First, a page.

Business: charity, fundraising and partnerships
Business is cutting charity budgets, focusing instead on fundraising and partnerships
The results of a January survey as part of the “Barometer of Crisis” project have shown a downward trend in funding for charity. Last December, companies were talking of relative stability in financing for the social sector, which has seen a gradual reduction in budgets and a decrease in January 2015 in the number of projects and programmes compared to 2014.
The “Barometer of Crisis” is a project run by the Donors’ Forum aimed at monitoring the growth of corporate charity in the current economic environment within Russia. Short surveys of representatives from large firms responsible for implementing social policies were conducted at the end of each month, with the results posted on the www.donorsforum.ru website. The project got underway in December 2014. The first survey in which 30 domestic and international firms took part, and which undertake charitable work in Russia, showed relative stability in company financing for the third sector, together with a commitment to the growth in corporate volunteering.
In the January survey in which 32 companies participated, some of the questions directed at company representatives were changed. Whereas the previous month’s survey dealt with personnel policy solely as regards small units with responsibilities for charity work, the January questionnaire asked about staff issues as a whole. Two new questions were added: What changes to the range of programmes will be made during 2015, and what measures will be put in place by companies to deal with emergencies? As mentioned above, the results revealed a negative trend in funding for charity programmes compared to data from the 2014 survey. Just over half of respondents stated that charity budgets remained at 2014 levels. Four companies had increased their charity budgets, while 8 had reduced funding in this area. Five of the latter had also noted a decrease in the number of projects compared to 2014. In all, 11 companies had seen a change in their range of projects and programmes. Six of these firms had increased the number of projects, whereas 5 had seen a reduction in this area.
Major changes in personnel policies have also been noted. Two companies observed a trend towards reducing staff numbers, whereas 3 had increased their overall complement. Five companies stated that they wouldn’t consider any emergency measures in terms of support for social projects, while 2 of these had no plans to introduce such steps at present as they were deemed unnecessary. The remaining companies reported up to 5 different types of emergency measures. Of those asked, 13 companies are revisiting their priorities for charitable work.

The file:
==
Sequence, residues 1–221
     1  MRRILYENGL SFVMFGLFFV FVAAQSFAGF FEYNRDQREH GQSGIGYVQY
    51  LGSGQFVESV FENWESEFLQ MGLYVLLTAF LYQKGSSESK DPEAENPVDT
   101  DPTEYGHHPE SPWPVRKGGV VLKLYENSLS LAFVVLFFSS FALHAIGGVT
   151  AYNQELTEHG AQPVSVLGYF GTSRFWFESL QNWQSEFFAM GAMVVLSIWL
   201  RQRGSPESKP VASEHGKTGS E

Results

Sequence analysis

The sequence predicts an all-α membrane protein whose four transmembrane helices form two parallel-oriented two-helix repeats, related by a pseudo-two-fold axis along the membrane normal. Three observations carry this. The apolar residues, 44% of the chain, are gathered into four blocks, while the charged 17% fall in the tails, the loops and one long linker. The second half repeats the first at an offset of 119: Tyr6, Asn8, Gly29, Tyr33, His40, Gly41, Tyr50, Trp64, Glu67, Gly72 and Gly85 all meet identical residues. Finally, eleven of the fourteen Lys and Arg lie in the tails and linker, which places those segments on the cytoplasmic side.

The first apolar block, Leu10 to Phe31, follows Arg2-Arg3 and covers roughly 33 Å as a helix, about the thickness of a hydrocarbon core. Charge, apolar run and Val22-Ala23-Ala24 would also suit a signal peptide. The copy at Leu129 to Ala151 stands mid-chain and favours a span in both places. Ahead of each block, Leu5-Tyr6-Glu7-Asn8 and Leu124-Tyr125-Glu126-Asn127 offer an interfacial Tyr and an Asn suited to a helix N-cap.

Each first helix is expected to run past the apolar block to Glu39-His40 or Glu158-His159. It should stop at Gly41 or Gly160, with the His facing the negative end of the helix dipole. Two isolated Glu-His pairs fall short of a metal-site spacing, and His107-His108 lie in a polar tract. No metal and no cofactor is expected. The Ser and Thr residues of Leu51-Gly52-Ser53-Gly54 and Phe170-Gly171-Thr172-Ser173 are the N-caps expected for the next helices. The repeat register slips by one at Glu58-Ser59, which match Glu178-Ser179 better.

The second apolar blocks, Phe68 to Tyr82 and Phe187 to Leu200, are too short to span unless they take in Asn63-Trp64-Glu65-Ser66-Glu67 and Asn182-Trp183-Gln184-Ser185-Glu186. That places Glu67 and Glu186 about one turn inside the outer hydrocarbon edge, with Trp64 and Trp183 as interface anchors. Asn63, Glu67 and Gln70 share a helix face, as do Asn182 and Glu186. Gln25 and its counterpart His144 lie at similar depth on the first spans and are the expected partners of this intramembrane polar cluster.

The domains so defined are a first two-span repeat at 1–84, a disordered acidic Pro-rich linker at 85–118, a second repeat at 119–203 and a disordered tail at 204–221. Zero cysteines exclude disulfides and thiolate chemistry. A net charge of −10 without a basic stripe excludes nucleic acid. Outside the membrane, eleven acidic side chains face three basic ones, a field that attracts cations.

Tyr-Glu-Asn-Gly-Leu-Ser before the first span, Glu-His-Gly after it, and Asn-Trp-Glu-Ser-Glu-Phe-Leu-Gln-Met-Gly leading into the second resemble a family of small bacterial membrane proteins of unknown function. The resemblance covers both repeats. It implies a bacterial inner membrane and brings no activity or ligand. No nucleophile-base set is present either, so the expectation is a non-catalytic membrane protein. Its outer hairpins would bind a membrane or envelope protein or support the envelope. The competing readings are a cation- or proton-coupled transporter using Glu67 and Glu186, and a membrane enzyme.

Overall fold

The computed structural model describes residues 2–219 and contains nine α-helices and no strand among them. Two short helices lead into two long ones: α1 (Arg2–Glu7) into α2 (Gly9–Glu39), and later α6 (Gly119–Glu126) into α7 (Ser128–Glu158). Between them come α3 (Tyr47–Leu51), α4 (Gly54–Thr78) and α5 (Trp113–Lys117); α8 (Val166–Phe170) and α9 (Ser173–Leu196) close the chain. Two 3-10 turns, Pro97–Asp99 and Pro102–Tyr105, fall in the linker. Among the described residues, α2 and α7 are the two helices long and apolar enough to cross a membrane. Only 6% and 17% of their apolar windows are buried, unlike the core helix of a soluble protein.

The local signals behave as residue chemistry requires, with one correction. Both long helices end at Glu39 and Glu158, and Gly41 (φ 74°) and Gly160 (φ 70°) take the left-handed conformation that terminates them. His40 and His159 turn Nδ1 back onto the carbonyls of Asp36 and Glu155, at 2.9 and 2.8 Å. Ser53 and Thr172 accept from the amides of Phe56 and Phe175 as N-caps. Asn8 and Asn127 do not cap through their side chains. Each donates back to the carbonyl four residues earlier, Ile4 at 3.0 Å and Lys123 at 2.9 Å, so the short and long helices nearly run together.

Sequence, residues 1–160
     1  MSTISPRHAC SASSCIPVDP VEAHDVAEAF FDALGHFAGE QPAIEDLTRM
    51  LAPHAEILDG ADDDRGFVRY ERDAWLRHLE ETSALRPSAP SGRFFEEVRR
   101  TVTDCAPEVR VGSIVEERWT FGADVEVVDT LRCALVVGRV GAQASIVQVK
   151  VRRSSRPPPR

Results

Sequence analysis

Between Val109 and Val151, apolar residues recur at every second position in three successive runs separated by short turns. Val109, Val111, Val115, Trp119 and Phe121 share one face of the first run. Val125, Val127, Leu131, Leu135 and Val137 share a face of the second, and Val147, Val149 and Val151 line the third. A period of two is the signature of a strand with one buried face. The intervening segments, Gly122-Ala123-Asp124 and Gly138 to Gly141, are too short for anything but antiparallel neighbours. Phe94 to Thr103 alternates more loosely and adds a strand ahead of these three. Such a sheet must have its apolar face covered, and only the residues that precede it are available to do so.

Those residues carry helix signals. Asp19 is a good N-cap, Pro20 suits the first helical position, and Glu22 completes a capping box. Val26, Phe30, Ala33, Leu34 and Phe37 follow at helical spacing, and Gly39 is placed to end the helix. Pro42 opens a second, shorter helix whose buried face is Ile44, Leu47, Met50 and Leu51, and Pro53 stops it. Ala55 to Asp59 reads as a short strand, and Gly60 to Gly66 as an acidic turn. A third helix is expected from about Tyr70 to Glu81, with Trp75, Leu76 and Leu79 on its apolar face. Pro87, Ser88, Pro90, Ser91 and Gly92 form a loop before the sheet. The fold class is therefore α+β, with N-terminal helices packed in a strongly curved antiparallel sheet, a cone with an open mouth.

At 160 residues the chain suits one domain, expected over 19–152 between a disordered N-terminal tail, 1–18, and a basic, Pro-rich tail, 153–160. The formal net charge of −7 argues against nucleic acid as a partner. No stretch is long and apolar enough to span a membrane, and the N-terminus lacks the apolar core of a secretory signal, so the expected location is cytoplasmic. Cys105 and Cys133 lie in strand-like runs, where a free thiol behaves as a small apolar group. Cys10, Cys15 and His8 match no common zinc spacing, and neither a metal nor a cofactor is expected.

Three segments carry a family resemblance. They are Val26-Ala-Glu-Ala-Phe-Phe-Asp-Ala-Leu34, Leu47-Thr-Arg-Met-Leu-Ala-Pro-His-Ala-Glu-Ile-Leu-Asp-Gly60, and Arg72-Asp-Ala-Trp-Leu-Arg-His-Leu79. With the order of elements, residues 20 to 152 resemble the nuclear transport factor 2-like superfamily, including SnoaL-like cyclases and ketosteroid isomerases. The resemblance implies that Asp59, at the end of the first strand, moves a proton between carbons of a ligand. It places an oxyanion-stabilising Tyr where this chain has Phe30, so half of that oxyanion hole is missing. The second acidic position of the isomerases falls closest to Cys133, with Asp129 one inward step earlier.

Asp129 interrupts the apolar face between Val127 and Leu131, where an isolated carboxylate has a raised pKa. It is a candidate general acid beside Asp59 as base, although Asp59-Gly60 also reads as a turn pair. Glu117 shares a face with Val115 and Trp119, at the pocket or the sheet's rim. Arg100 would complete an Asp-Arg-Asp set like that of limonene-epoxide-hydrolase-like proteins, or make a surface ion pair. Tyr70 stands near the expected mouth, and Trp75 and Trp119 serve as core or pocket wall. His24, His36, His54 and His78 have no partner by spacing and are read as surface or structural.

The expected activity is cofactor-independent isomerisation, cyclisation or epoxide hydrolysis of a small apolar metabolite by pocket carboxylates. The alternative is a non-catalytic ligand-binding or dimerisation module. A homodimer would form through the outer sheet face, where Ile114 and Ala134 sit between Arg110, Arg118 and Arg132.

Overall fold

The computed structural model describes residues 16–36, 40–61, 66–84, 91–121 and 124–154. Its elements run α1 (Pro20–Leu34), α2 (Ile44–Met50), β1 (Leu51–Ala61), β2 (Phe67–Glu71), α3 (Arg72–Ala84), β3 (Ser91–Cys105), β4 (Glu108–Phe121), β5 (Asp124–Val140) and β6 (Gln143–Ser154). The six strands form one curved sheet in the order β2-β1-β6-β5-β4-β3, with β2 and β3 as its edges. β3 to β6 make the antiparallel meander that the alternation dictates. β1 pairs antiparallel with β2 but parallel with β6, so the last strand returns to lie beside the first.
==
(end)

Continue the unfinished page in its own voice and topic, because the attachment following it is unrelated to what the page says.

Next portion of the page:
The most popular emergency measure remains the growth in volunteering (14 companies). As many companies indicated that they had plans to raise additional resources through fundraising activities, and/or increasing private donations among staff and customers. A third of companies plan to develop partnerships with other businesses in the social sector.
The growth in volunteering as an emergency measure is not surprising, according to representatives from Evolution and Philanthropy. In their view, partnerships with other businesses have been taking place in a targeted way in recent times. As far as fundraising among staff is concerned, we’ll have to wait and see how successfully this can be done during times of crisis and when money is tight, they added.
Partnerships with other businesses in the social sector are a new area for the Donors’ Forum. Some firms have been talking about their intention to engage in partnerships for the last year or two, but in reality there are very few examples. Of greater interest is the fact that more and more companies are now talking about this in light of the new economic environment, according to the Donors’ Forum.
The 11th Annual Conference on “Charity in Russia” organised by Vedomosti will include discussions on how to create the proper conditions for encouraging effective charity partnerships that reflect the hopes and expectations of stakeholders such as society, the media and state authorities, as well as creating similar arrangements between institutional donors.
Author: Yulya Vyatkina